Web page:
Microsoft Unveils Kinect for Windows v2 Final Hardware

Microsoft offers a peek at the new look of its follow-up to the popular, hacker-friendly sensor hardware.

Kinect for Windows v2

In a sign that Kinect for Windows v2 is nearing release, Microsoft has published images on its Website of what the final hardware will look like.

At first glance, the new sensor looks very similar to the Kinect that ships with the Xbox One. Microsoft made the controversial decision last year to bundle the Kinect, formerly an optional add-on for the Xbox 360, with the company's newest Xbox console. The device helps the Xbox One provide voice and gesture controls and video conferencing over Skype, among other capabilities.

Observant viewers will be able to spot some differences, however.

"The sensor closely resembles the Kinect for Xbox One, except that it says 'Kinect' on the top panel, and the Xbox Nexus—the stylized green 'x'—has been changed to a simple, more understated power indicator," said the company in a blog post. The Xbox One version has "Xbox" stamped on the top accompanied by its logo.

In addition, connecting Kinect for Windows v2 to a PC "requires a couple other components to work: the hub and the power supply," stated Microsoft. The hub acts as an intermediary between the sensor and a PC via a USB 3.0 connection. A power supply, which supports 100 to 240 volts, provides the sensor and hub with power.

Under the hood, the Windows and Xbox One versions are practically identical, wrote James Ashley, a presentation layer architect at Razorfish Emerging Experiences, in an early look of the device. "What's different between the new Kinect for XBox One and the Kinect for Windows v2? It turns out not a lot," he said.

"So far, it is everything Kinect developers and designers have been hoping for—full HD through the color camera and a much improved depth camera as well as USB 3.0 data throughput," he observed. Once up and running, developers will discover that the new Kinect does a better job of detecting people and their movements.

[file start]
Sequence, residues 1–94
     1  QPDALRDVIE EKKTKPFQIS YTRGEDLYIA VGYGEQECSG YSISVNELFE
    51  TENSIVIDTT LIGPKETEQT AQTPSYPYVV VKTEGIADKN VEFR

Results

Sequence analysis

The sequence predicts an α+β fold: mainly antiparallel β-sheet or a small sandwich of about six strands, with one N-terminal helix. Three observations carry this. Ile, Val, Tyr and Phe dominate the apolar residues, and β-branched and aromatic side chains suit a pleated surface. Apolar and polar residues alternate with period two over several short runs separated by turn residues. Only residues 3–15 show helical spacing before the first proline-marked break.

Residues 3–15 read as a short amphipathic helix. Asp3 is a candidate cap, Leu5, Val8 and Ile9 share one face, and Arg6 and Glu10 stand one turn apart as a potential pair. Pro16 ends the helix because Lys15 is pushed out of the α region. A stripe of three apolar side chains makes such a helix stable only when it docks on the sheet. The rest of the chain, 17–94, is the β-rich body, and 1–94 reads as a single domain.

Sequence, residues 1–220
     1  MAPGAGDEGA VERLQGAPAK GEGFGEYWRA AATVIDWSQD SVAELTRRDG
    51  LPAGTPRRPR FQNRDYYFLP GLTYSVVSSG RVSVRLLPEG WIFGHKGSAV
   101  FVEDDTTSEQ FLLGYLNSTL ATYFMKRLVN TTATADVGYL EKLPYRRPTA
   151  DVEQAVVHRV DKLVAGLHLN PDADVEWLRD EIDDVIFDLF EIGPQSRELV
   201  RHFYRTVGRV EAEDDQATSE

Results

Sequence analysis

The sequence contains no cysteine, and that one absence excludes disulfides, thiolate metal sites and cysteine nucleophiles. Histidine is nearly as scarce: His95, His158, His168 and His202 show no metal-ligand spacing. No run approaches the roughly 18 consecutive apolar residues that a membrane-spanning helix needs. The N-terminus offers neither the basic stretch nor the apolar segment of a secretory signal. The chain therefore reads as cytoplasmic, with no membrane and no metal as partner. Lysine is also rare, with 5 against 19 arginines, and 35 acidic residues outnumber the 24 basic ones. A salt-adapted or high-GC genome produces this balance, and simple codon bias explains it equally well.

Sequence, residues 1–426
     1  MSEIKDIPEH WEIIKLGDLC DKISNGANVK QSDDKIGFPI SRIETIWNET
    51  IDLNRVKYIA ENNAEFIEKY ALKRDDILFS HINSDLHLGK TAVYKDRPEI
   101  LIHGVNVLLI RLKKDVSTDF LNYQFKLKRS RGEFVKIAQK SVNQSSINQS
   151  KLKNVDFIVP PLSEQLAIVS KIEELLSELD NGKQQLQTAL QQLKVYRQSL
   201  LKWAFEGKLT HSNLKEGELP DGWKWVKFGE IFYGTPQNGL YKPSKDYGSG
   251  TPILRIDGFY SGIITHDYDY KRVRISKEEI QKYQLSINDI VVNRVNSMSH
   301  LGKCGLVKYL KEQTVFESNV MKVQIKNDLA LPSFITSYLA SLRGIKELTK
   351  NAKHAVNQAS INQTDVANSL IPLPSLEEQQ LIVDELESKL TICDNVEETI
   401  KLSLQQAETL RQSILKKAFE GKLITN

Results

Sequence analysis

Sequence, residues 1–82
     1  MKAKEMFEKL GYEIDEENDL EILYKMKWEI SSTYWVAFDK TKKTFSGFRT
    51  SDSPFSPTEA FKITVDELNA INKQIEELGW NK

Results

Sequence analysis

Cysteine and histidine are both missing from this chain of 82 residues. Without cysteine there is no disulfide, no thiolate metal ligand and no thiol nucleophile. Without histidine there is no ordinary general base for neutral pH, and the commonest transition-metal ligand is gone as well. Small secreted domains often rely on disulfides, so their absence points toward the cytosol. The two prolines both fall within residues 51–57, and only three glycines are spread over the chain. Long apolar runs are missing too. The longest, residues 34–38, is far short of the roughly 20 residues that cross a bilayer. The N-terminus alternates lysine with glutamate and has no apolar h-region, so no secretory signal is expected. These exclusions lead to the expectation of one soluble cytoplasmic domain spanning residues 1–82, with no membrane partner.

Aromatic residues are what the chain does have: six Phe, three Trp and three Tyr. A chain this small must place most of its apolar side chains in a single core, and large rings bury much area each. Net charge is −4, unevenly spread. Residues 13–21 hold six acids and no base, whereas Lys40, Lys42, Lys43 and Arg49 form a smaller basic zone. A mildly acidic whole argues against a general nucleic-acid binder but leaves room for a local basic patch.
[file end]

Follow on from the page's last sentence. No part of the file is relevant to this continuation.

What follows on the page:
"Skeleton detection is greatly improved with the new Kinect," stated Ashley. "Not only are more joints now detected, but many of the jitters developers became used to working around are now gone." In addition, it can detect up to six skeletons versus two with the original Kinect. Plus, the new camera, which replaces the first Kinect's Primesense tech, which was acquired by Apple, provides more accurate skeleton detection and "excellent hand detection."

The original Kinect was a hit for Microsoft, among both video gamers and hardware hackers.

Shortly after releasing the Kinect for the Xbox 360 in November 2010, tech enthusiasts hacked the device. The results were several projects that leveraged the device's comparatively low-cost 3D sensing technology, including autonomous robots, 3D real-time scanning and motion-sensing interactive projections.

After quickly reversing its anti-hacking stance on the Kinect, the company released a version for Windows to spur developer interest. Microsoft began shipping Kinect for Windows v2 Developer Preview kits to select developers shortly during the Xbox One launch last November. The company expects to officially launch the product sometime this summer.

Pedro Hernandez

Pedro Hernandez

Pedro Hernandez is a contributor to eWEEK and the IT Business Edge Network, the network for technology professionals. Previously, he served as a managing editor for the network of...